The state of Florida has specific medical marijuana laws designed to protect patients. This ensures that patients suffering from certain chronic health conditions have access to the healing benefits of this natural alternative. Patients with ALS, among other serious condition, qualify for a medical marijuana card in the state of Florida.
What is ALS?
ALS (amyotrophic lateral sclerosis) is a fatal disease that affects the nervous system. ALS is also referred to as “Lou Gehrig’s Disease”, named after the iconic New York Yankees first baseman.
ALS causes the loss of motor neurons–these neurons control voluntary muscle movements such as walking, eating, and speaking. The muscles that control these movements grow weaker over time until they are completely paralyzed. As the disease progresses, the patient will eventually lose the ability to breathe.
According to the ALS Association, about 5000 people are diagnosed with ALS every year. Most of these people are between the ages of 40 and 70, and the life expectancy after diagnosis is only 2-5 years. Only 10% of cases are hereditary, which means that 90% of the people afflicted with ALS have no prior family history of it.
What are the symptoms?
ALS is difficult to diagnose because of the wide range of symptoms that people may experience. Most people experience a gradual onset, with symptoms becoming progressively worse over time. For that reason, many patients may have the disease for some time before it is properly diagnosed.
Early symptoms include minor muscular trouble like problems grasping small objects, tripping when walking, or muscle cramps. General muscle weakness in the legs or ankles is also very common in the early stages. Slurred speech, trouble swallowing, frequent falling, and cognitive and behavioral changes are symptoms that may show up as the disease progresses. Patients in advanced stages will have trouble breathing (that will eventually require the assistance of a ventilator), difficulty eating, and dementia.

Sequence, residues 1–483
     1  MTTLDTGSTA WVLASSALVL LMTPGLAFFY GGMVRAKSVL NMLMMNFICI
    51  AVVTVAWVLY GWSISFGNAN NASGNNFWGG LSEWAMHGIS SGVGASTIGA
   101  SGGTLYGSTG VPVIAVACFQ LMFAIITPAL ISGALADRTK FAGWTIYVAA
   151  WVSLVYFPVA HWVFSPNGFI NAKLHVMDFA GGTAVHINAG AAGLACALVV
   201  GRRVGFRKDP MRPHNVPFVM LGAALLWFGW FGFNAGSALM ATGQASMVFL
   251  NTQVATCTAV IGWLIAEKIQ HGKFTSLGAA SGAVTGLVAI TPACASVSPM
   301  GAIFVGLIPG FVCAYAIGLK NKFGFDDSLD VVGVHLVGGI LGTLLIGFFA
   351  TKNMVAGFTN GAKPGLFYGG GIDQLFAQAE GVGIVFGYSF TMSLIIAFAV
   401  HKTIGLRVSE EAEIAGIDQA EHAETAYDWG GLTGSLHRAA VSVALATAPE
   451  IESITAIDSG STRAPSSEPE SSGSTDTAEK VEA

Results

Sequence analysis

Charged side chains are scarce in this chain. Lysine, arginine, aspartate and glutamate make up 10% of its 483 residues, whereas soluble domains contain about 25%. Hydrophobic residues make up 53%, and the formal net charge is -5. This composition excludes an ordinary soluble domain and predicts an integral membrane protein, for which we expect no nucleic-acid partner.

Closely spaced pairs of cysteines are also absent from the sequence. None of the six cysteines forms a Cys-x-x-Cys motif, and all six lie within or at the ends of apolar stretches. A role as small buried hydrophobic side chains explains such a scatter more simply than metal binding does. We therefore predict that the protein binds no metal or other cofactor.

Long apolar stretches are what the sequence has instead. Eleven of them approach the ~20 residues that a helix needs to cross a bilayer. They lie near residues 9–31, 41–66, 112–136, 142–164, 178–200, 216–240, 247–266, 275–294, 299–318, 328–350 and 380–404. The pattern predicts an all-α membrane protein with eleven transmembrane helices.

Can cannabis help ALS patients?
There is no cure for ALS, and there are only four FDA-approved drugs used to slow the progression of ALS. Early studies show that cannabis-derived compounds can slow the progression of the disease in animals. Cannabinoids (the bioactive compounds of cannabis) have antioxidants and anti-inflammatory properties, as well as neuroprotective agents. Although more studies are necessary before determining if cannabis can prolong the life of a human ALS patient, cannabis can at least help make the symptoms of the disease more bearable. For example, medical marijuana can be used to treat symptoms such as excessive drooling, chronic pain, sleeplessness, loss of appetite, and depression.
ALS is a fatal disease that is heartbreaking for patients and their families. Although there is no cure, there are medications that can slow the progression of the disease. Research may soon show that cannabis is useful in prolonging patients’ lives, as well. In the meantime, cannabis is useful for treating ALS symptoms so that patients can be more comfortable.